Of course, this is ultimately a double-edged sword. The more that is thrown in, the more that the line of space and time becomes blurred. The book begins with very specific annotations of time, yet as it moves forward it jumps liberally around; where the Blob and his involvement with the Brotherhood is for all intents and purposes explained, the others simply appear and are immediately acknowledged as if we had met them before. There’s a whole excursion into the Savage Land that is fairly pivotal to the emotional subplot, and yet it is referenced as having happened in the past while we are somehow placed in the distant future. It’s a bit awkward for the narrative to somewhat ostensibly forget to mention that we’ve jumped ahead two weeks or so in the future, and while comics are certainly no stranger to the quick transitions of time in the time it takes to move from panel to panel, the shifts are certainly felt.
That aside, Dennis Hopeless certainly has proven himself as a competent visionary for our super-powered youths. There are obvious changes in characterization between these characters and their original machinations, but Hopeless very much makes himself at home in their shoes quickly. The update definitely has a glaze of pop-culture over it at all times, but it is subtle as much as it is overt; that is to say, Hopeless never waves it in your face that these kids enjoy a good TV show or concert in the way that other books do (like “Kick-Ass”). Hopeless’ use of dialogue shows off the character’s ages in a way that effectively infuses youth upon characters who are almost 50 years old. While the ending is a tad bit stunted, seemingly building up to a tremendous emotional apex before cutting away (which was assuredly the point), the book still reads like the Breakfast Club version of the X-Men origin story, with Molly Ringwald as Jean Grey at the center, in all the best ways possible.
If you’re going to make a John Hughes version of the X-Men, though, a better artistic collaborator than Jamie McKelvie you will not find. McKelvie has often had a youthful vibe to his work, with dark lines and eye-popping colors (the book sees McKelvie working with long-time collaborator Matt Wilson) that bring a very visceral handling of the X-Men in their younger days to the pages. McKelvie’s work is musical and always has been with a strong design sense, yellow spandex and all, and “X-Men: Season One” is actually one of the strongest showings for McKelvie’s work in it’s attention to acute details. It’s essentially proof positive of the dynamic use of a digital medium for illustration.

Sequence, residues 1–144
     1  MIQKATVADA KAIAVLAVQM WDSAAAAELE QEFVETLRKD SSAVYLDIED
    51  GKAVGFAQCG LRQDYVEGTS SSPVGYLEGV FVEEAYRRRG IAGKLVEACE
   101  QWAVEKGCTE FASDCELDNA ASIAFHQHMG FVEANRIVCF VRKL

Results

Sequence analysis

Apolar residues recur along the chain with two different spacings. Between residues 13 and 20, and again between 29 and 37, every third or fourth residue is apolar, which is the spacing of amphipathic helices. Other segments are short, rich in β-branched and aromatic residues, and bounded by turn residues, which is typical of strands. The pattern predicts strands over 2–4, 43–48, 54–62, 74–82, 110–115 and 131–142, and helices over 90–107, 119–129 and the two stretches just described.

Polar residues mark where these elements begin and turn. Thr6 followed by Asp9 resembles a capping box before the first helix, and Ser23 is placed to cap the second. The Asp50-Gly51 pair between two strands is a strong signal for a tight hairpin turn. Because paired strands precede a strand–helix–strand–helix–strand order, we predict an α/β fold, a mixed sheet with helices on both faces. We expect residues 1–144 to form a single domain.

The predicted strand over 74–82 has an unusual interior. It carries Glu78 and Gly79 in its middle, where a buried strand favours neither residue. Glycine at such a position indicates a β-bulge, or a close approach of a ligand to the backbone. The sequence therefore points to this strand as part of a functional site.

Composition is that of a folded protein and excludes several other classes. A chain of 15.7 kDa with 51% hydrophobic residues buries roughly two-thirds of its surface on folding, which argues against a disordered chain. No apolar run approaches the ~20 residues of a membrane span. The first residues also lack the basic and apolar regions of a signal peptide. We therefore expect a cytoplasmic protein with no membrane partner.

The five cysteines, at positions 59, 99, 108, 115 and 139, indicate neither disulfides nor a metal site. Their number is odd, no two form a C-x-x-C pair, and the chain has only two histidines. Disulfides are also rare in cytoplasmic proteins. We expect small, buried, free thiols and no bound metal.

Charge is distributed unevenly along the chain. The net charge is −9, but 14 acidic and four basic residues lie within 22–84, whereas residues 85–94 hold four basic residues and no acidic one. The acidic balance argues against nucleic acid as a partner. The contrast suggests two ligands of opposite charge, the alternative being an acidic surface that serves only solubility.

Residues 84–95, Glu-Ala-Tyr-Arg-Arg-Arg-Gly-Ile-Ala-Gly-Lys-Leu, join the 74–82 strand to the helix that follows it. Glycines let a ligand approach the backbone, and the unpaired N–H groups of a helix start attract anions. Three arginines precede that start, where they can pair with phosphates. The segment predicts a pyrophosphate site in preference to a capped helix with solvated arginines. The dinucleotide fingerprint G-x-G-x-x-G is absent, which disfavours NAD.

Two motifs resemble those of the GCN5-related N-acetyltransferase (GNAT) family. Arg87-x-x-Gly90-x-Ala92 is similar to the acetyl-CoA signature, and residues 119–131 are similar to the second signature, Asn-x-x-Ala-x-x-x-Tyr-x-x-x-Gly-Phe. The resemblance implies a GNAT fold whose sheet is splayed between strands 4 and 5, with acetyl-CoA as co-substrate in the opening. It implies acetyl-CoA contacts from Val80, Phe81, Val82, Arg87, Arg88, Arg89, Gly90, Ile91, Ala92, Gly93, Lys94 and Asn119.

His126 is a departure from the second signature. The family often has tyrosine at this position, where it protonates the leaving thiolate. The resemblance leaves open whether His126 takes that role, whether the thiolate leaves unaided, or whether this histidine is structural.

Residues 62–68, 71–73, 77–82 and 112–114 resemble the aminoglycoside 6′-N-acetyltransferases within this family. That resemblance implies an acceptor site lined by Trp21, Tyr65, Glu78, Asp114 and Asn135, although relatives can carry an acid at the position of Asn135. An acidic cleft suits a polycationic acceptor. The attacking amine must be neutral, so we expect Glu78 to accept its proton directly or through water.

Then again, just as Hopeless has his own double-edged sword in the writing, so does McKelvie. McKelvie’s figures often rely on poses similar to those you might see in craftily designed advertisements, and at times the characters of the book look more like they belong in McKelvie’s other and less mainstream work. More than once, a character meant to have one expression ends up with another, most noticeably nine pages in when Jean is meant to be yelling at Scott
yet looks somewhat embarrassed, or four pages later when Angel looks very unimpressed by Magneto tossing planes around
. Yet, from a thematic stance, it actually somewhat feels appropriate given that the book stars moody teenagers battling hormones at the same time as they clash against other super powered characters; one simply wonders if this particular undertaking could have perhaps been a tad more subtle.
That aside, this is a great
looking book in every sense of the words, and I would literally be shocked to hear that this doesn’t match well with a younger demographic looking for an ample way to learn about the history of the X-Men. Yes, this is a re-hash of material we all know by heart. Yes, this is basically the X-Men getting a “hipster” treatment. Yes, Bobby Drake does look like Justin Bieber
(assuredly on purpose). There’s something ultimately charming about it all, though. If “Fantastic Four: Season One’s” biggest error was trying too hard to tackle historic issues and expand elaborately on the minutia of it all, then “X-Men: Season One’s” greatest strength is giving both X-Historians a tongue-in-cheek look back at the past while giving X-Neophytes a somewhat relatable entry point.
This is the rebirth of yesterday’s heroes today, and a better fashion sense and love of pop-culture is certainly understandable.
Final Verdict: 8.0 – Buy (I still think the reprints of new issues in the back that are delivered with little to no real context are pretty silly, but c’est la vie)
*I should note, however, that neither are strangers to superheroes or the Marvel Universe — Hopeless wrote a four-issue “Legion of Monsters” mini, while McKelvie has had artistic stints on “Generation Hope”, “Secret Avengers” and “Cable”, with more assuredly to come — and I of course knew this before reading “X-Men: Season One.”